Jazz As Critique
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Stanford University Press
Geisteswissenschaften, Kunst, Musik / Philosophie
A sustained engagement with Theodor Adorno, Jazz As Critique looks to jazz for ways of understanding the inadequacies of contemporary life. Adorno's writings on jazz are notoriously dismissive. Nevertheless, Adorno does have faith in the critical potential of some musical traditions. Music, he suggests, can provide insight into the controlling, destructive nature of modern society while offering a glimpse of more empathetic and less violent ways of being together in the world. Taking Adorno down a path he did not go, this book calls attention to an alternative sociality made manifest in jazz. In response to writing that tends to portray it as a mirror of American individualism and democracy, Fumi Okiji makes the case for jazz as a model of "gathering in difference."Noting that this mode of subjectivity emerged in response to the distinctive history of black America, she reveals that the music cannot but call the integrity of the world into question.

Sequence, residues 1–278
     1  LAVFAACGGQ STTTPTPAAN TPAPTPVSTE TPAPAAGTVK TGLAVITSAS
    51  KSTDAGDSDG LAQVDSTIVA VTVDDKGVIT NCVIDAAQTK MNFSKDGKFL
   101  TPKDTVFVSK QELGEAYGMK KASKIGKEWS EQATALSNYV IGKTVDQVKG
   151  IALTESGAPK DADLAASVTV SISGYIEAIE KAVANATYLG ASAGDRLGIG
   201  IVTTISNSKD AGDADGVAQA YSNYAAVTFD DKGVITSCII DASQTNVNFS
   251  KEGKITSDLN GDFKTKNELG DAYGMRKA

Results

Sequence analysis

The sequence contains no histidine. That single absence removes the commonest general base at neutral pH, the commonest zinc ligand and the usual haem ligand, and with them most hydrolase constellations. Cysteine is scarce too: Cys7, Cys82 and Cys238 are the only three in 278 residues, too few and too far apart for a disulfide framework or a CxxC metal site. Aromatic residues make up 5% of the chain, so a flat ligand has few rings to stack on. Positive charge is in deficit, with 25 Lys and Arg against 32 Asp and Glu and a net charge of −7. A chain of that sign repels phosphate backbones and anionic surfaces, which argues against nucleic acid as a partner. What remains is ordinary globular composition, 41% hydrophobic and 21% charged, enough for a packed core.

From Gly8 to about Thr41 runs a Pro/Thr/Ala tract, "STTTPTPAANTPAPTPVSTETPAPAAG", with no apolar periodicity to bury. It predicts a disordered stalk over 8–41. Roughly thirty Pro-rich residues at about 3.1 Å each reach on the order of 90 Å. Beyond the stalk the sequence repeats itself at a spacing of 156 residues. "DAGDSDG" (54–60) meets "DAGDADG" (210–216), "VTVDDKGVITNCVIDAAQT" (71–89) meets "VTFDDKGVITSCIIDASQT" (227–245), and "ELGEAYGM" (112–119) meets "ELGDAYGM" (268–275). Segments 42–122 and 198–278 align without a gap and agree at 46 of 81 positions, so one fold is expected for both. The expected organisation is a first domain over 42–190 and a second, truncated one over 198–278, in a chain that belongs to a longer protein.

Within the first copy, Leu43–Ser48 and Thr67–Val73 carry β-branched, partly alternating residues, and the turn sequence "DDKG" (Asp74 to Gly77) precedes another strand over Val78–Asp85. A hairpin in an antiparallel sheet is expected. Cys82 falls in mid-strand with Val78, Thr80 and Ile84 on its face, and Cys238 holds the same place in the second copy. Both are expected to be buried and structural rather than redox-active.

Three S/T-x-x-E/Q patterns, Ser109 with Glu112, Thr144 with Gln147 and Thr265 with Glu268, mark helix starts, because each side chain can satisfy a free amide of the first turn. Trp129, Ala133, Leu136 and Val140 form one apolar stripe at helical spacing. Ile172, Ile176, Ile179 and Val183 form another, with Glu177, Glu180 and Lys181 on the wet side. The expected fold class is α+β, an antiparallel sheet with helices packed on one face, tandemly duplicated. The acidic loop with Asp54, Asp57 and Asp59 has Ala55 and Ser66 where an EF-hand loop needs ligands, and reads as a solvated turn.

blackness, jazz, ethics, Black life, black radical tradition, Adorno, radical music, aesthetics, individualism, social critique